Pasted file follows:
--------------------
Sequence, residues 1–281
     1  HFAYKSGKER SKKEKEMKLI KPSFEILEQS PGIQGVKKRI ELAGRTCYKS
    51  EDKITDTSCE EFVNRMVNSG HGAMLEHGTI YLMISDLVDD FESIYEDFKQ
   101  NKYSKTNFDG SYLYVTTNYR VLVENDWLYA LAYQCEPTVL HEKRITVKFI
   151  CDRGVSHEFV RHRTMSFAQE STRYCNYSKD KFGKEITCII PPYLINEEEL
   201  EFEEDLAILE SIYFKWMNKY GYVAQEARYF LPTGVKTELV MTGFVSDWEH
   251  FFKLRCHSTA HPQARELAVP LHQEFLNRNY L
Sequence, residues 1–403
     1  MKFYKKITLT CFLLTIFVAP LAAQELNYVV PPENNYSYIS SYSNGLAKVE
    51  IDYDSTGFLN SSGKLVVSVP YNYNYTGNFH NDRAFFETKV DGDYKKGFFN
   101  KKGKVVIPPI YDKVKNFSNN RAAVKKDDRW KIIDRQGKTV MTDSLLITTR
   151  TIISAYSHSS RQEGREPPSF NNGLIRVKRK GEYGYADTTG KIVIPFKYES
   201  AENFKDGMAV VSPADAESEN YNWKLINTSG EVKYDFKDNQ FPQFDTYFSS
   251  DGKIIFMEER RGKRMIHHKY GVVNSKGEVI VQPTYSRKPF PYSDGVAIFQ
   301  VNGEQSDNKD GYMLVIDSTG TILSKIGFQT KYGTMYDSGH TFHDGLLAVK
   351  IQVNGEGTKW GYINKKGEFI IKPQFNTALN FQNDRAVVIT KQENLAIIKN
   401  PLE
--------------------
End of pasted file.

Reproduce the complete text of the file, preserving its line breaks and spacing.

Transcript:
Sequence, residues 1–281
     1  HFAYKSGKER SKKEKEMKLI KPSFEILEQS PGIQGVKKRI ELAGRTCYKS
    51  EDKITDTSCE EFVNRMVNSG HGAMLEHGTI YLMISDLVDD FESIYEDFKQ
   101  NKYSKTNFDG SYLYVTTNYR VLVENDWLYA LAYQCEPTVL HEKRITVKFI
   151  CDRGVSHEFV RHRTMSFAQE STRYCNYSKD KFGKEITCII PPYLINEEEL
   201  EFEEDLAILE SIYFKWMNKY GYVAQEARYF LPTGVKTELV MTGFVSDWEH
   251  FFKLRCHSTA HPQARELAVP LHQEFLNRNY L
Sequence, residues 1–403
     1  MKFYKKITLT CFLLTIFVAP LAAQELNYVV PPENNYSYIS SYSNGLAKVE
    51  IDYDSTGFLN SSGKLVVSVP YNYNYTGNFH NDRAFFETKV DGDYKKGFFN
   101  KKGKVVIPPI YDKVKNFSNN RAAVKKDDRW KIIDRQGKTV MTDSLLITTR
   151  TIISAYSHSS RQEGREPPSF NNGLIRVKRK GEYGYADTTG KIVIPFKYES
   201  AENFKDGMAV VSPADAESEN YNWKLINTSG EVKYDFKDNQ FPQFDTYFSS
   251  DGKIIFMEER RGKRMIHHKY GVVNSKGEVI VQPTYSRKPF PYSDGVAIFQ
   301  VNGEQSDNKD GYMLVIDSTG TILSKIGFQT KYGTMYDSGH TFHDGLLAVK
   351  IQVNGEGTKW GYINKKGEFI IKPQFNTALN FQNDRAVVIT KQENLAIIKN
   401  PLE